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Consultant’s Corner: Time for a Service Bureau Consult?

You bid for and win a big project. The first feeling is euphoria: Yay, we did it! But the second thought may be: How are we going to deliver, given the mountain of work we’re already doing? Dread sets in as you ponder your options. Or maybe a project is taking longer than you thought it would, and you’re behind. Or perhaps you discover that you’re missing a key skill—like simulation—to bring your design to life. What to do? You can beg for an extension, look for a new hire—or you can explore your options with an external engineering and design service bureau.

A service bureau can supplement your team with a trained designer or engineer who steps in as needed, bringing skills and experience. What should you look for as you think about working with a service bureau?

Making a Match

First, make sure they have the skills you need. You’ll have to do some work to bring your temporary partner up to speed—after all, you know the project best—but they should come with a basic skill set that complements the task. At a minimum, they should have performed a similar task before, using the tools you have. You want to teach them about the design project, not the toolset you use. You might look for certifications, check references and examine project portfolios to determine specific competencies.

Speaking of tools, some service bureaus have their own licenses of critical software and others expect you to supply them. Make sure you understand who is paying for what, what versions are being used and how data will be handed over.

When you work with a service bureau you are paying for their expertise, so use it wisely. Share as much information as you can to let them fully explore design options. You may want to consider a legal framework to protect intellectual property but, once you’re comfortable, share everything. You are paying a service bureau to create the best possible design; to do that, they need to fully understand it.

Learn from Service Providers

In the case of simulation, small- and medium-sized businesses often work with subject matter experts at service bureaus because of their domain knowledge and access to expensive technology. Depending on how their business is structured, simulation service bureaus can offer a variety of services, ranging from letting you run simulation on their software licenses (and their hardware setup, on-premise or in the cloud), taking your model and doing an analytical workup on it, or offering more complete consulting that helps you optimize the design. Understand your limitations, but think ahead: If you have aspirations to perform simulation in-house, use this as a learning opportunity. See if the outside provider is willing to let one of your team members shadow the service bureau staffer; you might eventually be able to bring that expertise in-house.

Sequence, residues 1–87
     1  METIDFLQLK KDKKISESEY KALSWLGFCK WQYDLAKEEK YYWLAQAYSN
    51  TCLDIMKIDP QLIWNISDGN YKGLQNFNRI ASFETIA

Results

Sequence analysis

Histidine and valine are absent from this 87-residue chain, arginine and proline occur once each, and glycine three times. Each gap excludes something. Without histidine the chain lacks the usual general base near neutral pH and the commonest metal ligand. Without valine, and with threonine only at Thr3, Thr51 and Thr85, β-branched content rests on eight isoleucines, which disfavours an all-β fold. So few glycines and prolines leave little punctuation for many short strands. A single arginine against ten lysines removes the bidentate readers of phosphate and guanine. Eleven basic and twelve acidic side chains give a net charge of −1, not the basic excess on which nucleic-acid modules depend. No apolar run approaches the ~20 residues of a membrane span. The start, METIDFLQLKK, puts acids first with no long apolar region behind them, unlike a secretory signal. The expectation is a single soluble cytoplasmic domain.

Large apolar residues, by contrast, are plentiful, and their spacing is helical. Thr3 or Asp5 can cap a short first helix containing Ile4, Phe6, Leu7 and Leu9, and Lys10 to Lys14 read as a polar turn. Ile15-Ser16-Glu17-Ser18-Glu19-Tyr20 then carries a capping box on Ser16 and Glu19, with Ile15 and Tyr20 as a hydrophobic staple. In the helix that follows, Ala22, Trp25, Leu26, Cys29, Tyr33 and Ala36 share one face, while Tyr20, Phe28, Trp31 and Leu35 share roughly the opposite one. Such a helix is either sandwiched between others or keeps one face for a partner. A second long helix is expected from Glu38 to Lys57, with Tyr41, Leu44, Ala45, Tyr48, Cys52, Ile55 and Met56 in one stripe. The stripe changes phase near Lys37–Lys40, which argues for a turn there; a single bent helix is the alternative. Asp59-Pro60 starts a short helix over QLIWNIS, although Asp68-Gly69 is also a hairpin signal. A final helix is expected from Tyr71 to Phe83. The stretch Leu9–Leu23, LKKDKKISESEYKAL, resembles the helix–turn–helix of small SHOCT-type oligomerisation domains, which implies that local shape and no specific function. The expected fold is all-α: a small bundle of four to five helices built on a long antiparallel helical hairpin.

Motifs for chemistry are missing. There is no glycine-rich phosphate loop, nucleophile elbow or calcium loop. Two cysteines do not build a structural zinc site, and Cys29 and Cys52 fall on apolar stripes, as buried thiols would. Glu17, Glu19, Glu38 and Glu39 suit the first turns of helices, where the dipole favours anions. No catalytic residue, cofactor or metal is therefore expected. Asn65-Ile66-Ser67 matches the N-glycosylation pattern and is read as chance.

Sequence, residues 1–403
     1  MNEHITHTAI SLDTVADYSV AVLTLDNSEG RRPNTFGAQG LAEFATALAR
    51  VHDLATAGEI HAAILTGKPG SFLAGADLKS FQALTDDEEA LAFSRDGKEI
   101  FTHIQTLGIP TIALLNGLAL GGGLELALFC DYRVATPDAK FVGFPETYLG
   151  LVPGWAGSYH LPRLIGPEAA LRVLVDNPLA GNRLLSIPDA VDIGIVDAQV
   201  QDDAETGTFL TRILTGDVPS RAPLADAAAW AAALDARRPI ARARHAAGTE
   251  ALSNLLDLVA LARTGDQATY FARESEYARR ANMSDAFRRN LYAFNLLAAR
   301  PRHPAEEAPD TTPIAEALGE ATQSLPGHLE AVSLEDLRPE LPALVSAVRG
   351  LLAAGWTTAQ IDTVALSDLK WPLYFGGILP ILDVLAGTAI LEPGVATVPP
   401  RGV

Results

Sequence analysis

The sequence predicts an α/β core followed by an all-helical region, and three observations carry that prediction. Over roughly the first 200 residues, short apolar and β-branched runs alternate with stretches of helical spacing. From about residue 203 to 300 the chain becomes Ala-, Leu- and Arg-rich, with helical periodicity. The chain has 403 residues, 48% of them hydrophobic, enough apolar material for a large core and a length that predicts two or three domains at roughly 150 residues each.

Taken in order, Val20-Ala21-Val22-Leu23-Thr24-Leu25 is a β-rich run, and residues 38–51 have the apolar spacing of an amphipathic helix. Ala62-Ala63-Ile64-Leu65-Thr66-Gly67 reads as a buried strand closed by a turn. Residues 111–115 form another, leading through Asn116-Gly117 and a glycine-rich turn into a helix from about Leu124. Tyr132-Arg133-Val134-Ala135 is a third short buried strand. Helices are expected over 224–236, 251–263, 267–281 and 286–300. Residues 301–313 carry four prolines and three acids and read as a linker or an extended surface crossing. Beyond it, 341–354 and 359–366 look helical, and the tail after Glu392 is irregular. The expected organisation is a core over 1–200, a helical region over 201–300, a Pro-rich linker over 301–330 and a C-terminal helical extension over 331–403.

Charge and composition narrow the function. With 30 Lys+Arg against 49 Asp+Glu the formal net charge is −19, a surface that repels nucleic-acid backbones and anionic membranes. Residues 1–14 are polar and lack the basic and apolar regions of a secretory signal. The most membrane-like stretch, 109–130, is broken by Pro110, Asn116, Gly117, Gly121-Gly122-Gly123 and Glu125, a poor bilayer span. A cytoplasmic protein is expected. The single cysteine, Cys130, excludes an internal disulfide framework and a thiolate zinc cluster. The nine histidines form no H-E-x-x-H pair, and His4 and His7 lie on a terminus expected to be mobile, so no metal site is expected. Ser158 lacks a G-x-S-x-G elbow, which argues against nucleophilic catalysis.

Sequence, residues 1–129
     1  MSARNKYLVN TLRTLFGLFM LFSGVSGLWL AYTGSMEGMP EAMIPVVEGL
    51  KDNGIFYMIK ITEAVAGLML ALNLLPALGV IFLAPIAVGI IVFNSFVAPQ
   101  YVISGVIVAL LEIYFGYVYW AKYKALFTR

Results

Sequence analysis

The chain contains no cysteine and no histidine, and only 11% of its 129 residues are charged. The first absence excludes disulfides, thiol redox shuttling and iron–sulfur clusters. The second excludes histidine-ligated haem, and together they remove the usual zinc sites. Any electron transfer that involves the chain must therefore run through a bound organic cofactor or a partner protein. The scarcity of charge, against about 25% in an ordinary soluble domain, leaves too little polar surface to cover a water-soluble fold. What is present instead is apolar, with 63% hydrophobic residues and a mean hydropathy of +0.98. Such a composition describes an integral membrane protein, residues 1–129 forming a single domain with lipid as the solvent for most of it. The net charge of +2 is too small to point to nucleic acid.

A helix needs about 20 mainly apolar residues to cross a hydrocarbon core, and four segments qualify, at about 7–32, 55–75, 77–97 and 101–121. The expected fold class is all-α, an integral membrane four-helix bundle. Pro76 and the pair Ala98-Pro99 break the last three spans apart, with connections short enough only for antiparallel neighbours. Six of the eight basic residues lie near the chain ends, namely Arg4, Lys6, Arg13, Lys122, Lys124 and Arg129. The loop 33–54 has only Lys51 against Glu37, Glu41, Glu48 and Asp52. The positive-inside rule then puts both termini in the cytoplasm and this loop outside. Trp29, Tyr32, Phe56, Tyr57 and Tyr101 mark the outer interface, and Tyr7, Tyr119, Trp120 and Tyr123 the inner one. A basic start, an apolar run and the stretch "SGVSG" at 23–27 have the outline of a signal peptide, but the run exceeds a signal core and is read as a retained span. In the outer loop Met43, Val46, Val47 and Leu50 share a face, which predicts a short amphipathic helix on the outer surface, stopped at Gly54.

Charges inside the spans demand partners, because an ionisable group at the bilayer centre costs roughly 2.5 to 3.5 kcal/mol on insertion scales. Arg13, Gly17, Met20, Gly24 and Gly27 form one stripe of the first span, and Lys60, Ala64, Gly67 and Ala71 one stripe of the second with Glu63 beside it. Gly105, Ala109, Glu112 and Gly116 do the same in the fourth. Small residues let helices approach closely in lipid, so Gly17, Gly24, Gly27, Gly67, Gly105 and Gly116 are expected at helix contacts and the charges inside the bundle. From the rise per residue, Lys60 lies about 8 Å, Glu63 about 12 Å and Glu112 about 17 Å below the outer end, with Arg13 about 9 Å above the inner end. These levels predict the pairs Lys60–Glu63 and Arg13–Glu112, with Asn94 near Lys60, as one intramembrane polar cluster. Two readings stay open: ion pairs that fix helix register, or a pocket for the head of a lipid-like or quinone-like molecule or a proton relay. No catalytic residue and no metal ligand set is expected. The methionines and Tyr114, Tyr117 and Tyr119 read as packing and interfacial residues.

One more great reason to work with a service bureau: Try out technologies before you invest. We see this a lot in 3D printing, which is becoming highly useful so quickly that it will soon be a major part of many companies’ plans for inventory management and order fulfillment, as well as jigs, fixtures and prototyping. But are you an expert in the material science and the product redesign needed to make it truly useful? Perhaps not. In this case, a good service bureau can help you explore the options available today, in materials and printer technology and help you figure out how to optimize part designs for this new type of manufacturing. This is a much wiser approach to 3D printing than buying a cheap desktop printer and winging it. Yes, you’ll get a 3D printed part, but it likely won’t be of production quality, won’t use the materials you’ll want in inventory and may take far longer than a costlier machine to print a part. You’ll get the wrong impression about how 3D printing can affect your business. Instead, work with a knowledgeable service bureau to get it right. This strategy applies to CAD, CAE and other technologies too—try it before you buy.

Look at service bureaus as an extension of your in-house staff: They are there when you need them, valued for their specific expertise, with access to specialist tools. Make use of the experience of others in order to make the right choice for your business.

About Monica Schnitger

Monica Schnitger is president of Schnitger Corporation.